Guy Sebastian’s entry into Eurovision is doing more for the Australian image overseas than the spread of Vegemite.
While the yeast-based condiment continues to turn US TV host Jimmy Fallon’s facial expression sour, Sebastian’s sweet singing is proving much easier to swallow.
The singer wrote his own entry song, Tonight Again, and he has been keeping up appearances during press calls and performances in the Austrian capital before Sunday’s final.
But it’s one thing to be proud of Guy, when it comes down to the all important public voting stage Australia might struggle.
The Eurovision Song Contest is known for its tradition of regional bloc voting, based on political alliances between neighbouring countries, which may not go in Guy’s favour.
Aussies can have their say in a public vote but the sad news is, we can’t even muster our collective power to push Guy to the top as you can’t vote for your own country.
However, there is a way to help Guy’s cause: strategic voting.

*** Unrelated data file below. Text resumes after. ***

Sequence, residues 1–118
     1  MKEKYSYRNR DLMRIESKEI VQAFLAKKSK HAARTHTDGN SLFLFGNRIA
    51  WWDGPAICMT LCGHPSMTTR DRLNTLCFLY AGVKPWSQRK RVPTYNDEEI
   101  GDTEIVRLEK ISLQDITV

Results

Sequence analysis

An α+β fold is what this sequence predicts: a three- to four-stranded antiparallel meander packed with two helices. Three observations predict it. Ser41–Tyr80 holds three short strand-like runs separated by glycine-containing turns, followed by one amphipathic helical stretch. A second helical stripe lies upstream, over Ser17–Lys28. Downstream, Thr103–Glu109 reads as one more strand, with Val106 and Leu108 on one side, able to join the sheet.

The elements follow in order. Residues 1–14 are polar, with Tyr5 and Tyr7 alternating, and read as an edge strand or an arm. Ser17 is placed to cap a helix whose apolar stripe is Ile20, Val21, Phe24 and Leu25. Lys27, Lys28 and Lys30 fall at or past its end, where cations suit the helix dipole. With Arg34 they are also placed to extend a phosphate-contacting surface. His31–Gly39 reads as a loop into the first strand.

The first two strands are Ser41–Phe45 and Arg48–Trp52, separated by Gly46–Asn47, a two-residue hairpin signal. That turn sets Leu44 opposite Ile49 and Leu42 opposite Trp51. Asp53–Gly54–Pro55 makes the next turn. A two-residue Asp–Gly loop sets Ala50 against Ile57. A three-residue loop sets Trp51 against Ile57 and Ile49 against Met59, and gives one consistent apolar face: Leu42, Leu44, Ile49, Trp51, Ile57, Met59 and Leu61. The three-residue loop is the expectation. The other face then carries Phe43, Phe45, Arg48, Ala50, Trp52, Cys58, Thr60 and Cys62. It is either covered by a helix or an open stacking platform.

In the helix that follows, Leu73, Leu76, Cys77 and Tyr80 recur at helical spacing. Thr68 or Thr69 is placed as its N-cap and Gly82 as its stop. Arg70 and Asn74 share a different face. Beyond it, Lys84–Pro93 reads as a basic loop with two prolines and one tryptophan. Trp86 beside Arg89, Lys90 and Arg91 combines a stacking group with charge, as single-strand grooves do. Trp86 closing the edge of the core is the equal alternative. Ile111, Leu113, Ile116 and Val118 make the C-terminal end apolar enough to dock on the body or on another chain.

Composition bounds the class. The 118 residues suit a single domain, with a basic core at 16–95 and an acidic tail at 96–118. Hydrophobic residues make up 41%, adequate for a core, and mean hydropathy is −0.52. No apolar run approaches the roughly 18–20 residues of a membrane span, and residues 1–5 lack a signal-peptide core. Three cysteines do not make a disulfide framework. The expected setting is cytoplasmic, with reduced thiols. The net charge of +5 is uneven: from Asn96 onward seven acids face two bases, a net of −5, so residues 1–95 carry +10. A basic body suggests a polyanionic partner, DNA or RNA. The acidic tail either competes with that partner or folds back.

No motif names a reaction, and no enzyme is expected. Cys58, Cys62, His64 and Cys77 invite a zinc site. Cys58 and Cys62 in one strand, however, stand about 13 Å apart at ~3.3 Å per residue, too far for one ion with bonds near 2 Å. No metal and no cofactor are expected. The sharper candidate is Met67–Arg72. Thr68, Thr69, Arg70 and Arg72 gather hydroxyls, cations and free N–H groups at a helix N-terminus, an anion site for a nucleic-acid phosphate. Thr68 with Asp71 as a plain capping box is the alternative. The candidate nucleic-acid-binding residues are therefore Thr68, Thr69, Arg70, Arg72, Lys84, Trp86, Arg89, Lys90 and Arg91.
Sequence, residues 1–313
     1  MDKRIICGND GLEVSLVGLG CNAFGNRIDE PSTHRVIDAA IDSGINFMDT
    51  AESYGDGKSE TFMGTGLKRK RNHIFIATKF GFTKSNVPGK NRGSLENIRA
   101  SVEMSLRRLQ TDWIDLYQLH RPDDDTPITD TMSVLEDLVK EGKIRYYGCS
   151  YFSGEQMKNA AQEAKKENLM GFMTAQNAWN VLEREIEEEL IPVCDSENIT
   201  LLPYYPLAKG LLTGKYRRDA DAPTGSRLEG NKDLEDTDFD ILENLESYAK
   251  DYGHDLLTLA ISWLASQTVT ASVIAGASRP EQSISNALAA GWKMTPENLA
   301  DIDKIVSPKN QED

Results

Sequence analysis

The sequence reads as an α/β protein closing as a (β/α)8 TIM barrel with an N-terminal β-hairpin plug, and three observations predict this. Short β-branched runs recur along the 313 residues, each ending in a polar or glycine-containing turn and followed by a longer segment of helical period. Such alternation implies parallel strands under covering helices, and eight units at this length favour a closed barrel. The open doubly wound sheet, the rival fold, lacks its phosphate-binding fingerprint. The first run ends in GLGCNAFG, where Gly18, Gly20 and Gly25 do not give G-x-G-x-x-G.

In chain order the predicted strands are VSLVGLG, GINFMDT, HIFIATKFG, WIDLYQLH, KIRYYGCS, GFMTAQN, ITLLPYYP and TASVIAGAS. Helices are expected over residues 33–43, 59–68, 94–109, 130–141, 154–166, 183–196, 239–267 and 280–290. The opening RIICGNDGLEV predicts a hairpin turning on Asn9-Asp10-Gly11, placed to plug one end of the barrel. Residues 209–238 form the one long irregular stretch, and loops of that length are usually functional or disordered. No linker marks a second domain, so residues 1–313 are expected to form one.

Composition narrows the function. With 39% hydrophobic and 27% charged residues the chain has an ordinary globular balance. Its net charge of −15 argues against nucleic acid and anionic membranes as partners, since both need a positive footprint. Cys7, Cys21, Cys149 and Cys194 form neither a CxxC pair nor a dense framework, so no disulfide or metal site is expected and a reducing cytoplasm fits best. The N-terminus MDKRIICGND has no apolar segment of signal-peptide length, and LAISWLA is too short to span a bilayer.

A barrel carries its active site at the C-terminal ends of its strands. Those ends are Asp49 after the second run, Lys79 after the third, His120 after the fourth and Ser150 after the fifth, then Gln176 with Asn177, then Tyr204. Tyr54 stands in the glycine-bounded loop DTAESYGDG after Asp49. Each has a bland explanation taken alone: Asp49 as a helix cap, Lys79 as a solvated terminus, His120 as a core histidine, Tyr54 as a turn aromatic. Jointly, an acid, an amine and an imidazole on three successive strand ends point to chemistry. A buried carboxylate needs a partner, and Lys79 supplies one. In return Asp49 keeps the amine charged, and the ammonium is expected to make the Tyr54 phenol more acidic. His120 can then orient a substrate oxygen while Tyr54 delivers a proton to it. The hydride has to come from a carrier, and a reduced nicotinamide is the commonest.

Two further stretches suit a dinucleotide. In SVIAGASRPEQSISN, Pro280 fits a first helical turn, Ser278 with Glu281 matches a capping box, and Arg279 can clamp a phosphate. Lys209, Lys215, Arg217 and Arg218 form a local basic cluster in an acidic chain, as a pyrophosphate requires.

Guy is currently one of the top five favourites to win the contest so in order to help him out, Aussies can vote for the least likely songs to win.
Watch Guy perform You’re The Voice at an Aussie pub in Vienna
According to bookies, the favourites at the moment are Italy, Estonia, Russia, Norway with frontrunner Sweden.
Swedish singer, Mans Zelmerlow, has a strong song, Heroes, helped along by the fact he released a press kit featuring an image of him wearing only underwear just a week before the competition.
Sweden is also one of the countries that historically benefits from bloc voting, with neighbouring Nordic states Norway, Finland, Denmark, and Iceland all historically giving Sweden votes.
If we want Guy to win, the countries to vote for are the ones who are predicted to flounder.
These countries are Montenegro, Poland, Germany and Austria.
Chances are, if you vote for one of these countries you will be doing Guy a favour.
It might not be enough to get past the might of Zelmerlow’s pecs, Russia’s ballad A Million Voices, or the trio of Italian tenors, Il Volo, but it could certainly help.
The song contest will be broadcast live from Vienna on SBS – meaning a 5am (AEST) kick-off for most Aussies on Sunday.
There will be a 15-minute window for voting after the last song has been performed. The public can cast their preferences by televote, text or through the Eurovision app.
But be warned, there is also a national jury from each country who give their votes, so the final tally is based on a song’s average ranking from the public and the jury votes.
It’s hard to tell whether the Aussie jury will employ strategic voting tactics as well but it doesn’t mean the Aussie public can’t give it a go.